Elsewhere, Portuguese yields stood at 0.86 percent in early-Monday trading before spiking at 1.61 percent by mid-week, while Spanish yields surged from 0.66 percent to 1.38 percent. Even German 10-year bund yields rose from Monday’s negative 0.59 percent to Wednesday’s negative 0.24 percent.

Notable concerns

Government officials in Athens were particularly concerned for two reasons. Firstly, the country’s borrowing costs went up sharply, and more importantly, secondly, the Greek yield curve flattened around 4.0 percent, meaning short-to-medium term yields rose to almost the same level as 10-and 15-year bond yields.

“The market was sending the message that the economy was moving into recession and it expected a credit event,” said a high-level official who was closely monitoring the situation.

 A great risk to Greece

According to a government source, Prime Minister Kyriakos Mitsotakis was aware the ECB was contemplating a new bond buying program (QE) and sought the eligibility of Greek bonds for the scheme. Mitsotakis reportedly conveyed the message to the ECB’s Christine Lagarde that the spike in yields and the flattening of the Greek yield curve posed a great risk to Greece, which had adopted restrictive economic policies and played by the book for several years.

He stressed the country was going to be hit hard by the global coronavirus pandemic which was not of its own making. Therefore, keeping Greece out of the new QE would amount to discrimination in the face of a global pandemic risk. It would have equated to the ECB treating Greece as a non-euro country, he reportedly told Lagarde, according to the source.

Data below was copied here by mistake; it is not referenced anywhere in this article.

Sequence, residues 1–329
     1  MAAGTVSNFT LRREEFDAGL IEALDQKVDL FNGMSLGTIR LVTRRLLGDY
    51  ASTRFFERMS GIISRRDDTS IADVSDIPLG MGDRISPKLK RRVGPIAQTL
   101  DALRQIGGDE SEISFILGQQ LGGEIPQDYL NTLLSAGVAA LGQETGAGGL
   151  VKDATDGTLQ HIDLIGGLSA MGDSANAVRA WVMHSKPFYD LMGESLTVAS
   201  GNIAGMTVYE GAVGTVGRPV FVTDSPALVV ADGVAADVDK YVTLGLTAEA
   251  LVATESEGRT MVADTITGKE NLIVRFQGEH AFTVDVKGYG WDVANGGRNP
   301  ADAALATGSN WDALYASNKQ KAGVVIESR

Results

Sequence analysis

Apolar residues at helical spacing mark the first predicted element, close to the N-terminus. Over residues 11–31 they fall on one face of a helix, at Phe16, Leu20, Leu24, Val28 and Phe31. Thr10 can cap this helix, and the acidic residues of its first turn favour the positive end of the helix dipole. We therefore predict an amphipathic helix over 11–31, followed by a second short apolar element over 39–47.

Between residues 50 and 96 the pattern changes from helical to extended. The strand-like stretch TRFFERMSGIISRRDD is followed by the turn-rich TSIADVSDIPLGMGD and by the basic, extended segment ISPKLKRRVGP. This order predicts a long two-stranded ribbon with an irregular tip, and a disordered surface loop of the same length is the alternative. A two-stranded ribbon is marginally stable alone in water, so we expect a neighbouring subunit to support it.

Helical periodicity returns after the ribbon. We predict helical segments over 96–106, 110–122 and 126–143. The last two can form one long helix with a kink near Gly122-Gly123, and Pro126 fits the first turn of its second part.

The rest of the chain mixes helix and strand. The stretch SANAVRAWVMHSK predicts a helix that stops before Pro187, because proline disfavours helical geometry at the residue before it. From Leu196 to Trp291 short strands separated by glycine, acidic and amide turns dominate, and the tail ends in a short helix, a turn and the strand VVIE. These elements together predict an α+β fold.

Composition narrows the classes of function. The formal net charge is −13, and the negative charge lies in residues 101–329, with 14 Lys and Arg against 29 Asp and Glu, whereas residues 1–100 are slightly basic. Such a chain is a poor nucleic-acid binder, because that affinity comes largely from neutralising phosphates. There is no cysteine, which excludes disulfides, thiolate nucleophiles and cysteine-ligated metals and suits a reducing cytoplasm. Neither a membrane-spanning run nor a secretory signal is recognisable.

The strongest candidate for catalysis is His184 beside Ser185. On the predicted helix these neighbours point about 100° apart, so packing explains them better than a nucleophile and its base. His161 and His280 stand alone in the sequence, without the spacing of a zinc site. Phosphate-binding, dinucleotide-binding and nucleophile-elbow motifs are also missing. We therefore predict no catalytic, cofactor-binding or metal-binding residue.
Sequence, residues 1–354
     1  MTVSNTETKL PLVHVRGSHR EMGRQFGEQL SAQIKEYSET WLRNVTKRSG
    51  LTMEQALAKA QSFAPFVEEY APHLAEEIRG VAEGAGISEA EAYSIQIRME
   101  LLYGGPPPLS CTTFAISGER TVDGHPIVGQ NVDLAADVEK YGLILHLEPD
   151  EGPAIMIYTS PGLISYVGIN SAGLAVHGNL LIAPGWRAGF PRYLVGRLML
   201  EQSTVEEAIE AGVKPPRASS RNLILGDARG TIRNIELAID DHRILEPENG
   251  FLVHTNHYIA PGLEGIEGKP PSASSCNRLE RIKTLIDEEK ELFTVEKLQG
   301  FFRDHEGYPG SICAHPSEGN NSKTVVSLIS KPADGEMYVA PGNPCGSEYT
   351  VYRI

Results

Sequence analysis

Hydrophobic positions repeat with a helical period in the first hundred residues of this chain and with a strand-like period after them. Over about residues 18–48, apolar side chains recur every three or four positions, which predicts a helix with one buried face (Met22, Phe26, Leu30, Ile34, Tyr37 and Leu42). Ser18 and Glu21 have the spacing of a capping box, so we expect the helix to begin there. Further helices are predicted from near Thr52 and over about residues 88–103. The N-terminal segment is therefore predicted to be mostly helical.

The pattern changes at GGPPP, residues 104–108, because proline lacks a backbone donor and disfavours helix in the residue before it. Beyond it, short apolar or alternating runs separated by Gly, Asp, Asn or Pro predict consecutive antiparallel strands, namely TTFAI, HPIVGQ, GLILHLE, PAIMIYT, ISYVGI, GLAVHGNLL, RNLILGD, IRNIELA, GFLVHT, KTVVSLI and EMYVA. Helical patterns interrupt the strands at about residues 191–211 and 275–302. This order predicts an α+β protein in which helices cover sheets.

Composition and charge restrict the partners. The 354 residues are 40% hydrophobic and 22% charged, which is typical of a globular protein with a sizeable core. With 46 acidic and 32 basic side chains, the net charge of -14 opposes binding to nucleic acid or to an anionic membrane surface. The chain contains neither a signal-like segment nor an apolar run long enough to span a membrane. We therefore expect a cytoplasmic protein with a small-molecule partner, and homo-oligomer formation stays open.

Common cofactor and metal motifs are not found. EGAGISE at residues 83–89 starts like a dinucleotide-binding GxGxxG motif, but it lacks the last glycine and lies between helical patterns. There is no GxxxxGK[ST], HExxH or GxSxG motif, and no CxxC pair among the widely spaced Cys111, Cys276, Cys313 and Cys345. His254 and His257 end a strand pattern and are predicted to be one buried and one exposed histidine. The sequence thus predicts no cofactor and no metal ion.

Although the Greek arguments were sound, there were some voices at the ECB suggesting the country did not meet the criteria, such as having at least one investment grade credit rating from a major rating agency and its debt essentially being deemed sustainable by the ECB. The same officials reportedly suggested Greece could make use of its 32 billion euro cash reserves while local banks could seek extra liquidity through the central bank’s ELA (Emergency Liquidity Assistance) mechanism.

Greece had also tried to be included in the European Central Bank’s asset purchase program, widely known as quantitative easing, when it exited the third economic program in August 2018, but failed.